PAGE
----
And now they can't even agree on buying some plutonium from Russians?

How many people really think that buying those seats on Russian shuttles will happen without any problems?

Face it, America gave away its manned spaceflight. Making deals with Russia can't be relied on -- even small things like plutonium can't be reliably obtained, let alone manned spaceflight through Russians.

We gave it away. And now our manned spaceflight is screwed.

Comment Re:The Science Gap is a Myth (Score 1) 618

It seems to me most of the of the people who complain about the "science gap" are those who aren't actually working in the field...

Isn't that how it should be? Why would the haves complain? It's always the have-nots who have to complain about any inequality, not the people who are sitting in their Porsches and expensive mansions.

The topic is people aren't finding enough science jobs. OMG, there are some people out there *with* science jobs who aren't complaining! I never would have thought! :D

That's a "let them eat cake" reply if I ever saw one. :D

Comment Re:Good point by the Bad Astronomer (Score 2, Insightful) 56

I'm a little skeptical of this claim.

Can you elaborate on how the heat generated by the large asteroid (at ground level on impact) somehow ends up radiating off into space, yet the same heat generated higher up in the sky when the bits burn up in re-entry (closer to space) somehow doesn't end up radiating off into space?

As I see it, breaking up an asteroid allows us to convert the kinetic energy to heat higher up in the sky (and closer to space) than a ground level impact would be.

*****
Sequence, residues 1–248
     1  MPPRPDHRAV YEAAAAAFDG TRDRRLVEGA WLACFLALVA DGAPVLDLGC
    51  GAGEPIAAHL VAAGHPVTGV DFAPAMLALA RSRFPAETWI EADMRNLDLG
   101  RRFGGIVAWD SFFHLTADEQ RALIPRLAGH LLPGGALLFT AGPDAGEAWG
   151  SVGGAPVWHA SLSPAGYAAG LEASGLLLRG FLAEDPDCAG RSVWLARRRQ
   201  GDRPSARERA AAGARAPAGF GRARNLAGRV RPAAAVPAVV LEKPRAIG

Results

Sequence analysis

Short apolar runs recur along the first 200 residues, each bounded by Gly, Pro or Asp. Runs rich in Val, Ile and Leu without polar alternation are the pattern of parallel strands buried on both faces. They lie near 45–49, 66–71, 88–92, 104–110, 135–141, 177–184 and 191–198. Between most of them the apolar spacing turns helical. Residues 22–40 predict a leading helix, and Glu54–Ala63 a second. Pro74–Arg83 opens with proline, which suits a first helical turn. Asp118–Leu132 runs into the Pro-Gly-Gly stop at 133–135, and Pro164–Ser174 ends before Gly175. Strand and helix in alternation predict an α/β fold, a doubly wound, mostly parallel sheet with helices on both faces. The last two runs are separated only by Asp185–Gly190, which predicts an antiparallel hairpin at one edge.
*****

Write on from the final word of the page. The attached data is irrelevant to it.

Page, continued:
Do you have some links I could read up on?

Comment Re:Pointless (Score 2, Insightful) 152

It's not about laziness. If it was about laziness, I'd jump on the new tech because it saves me the "arduous" step of *plugging in* (gasp). Instead I'm planning on staying with the far more demanding step of actually plugging in.

It's about forgetfulness. As I grow older and more senile, I plain and simple don't *remember* to put my devices at their designated charging locations every single night. If there was a tech that charged my devices no matter where I left them inside the confines of my house, that would something that would produce a useful value add for me.

Eliminating the plugging in phase does not produce a useful value add because I'm not so lazy that plugging in is some huge obstacle.

Comment Pointless (Score 4, Insightful) 152

I don't really see the point. As long as you have to put the device in a specific location anyway, I don't see that it's much of an improvement over having to connect it with your charger. You have to connect it with a location just the same, with this new tech, just the plug is different (a pad vs a plug).

Wake me when you have a tech that charges my mobile from the moment I step in my home door and leave my mobile in my jacket pocket hanging in the foyer.

Until that use case can be satisfied, I think this is just the same-old, same-old.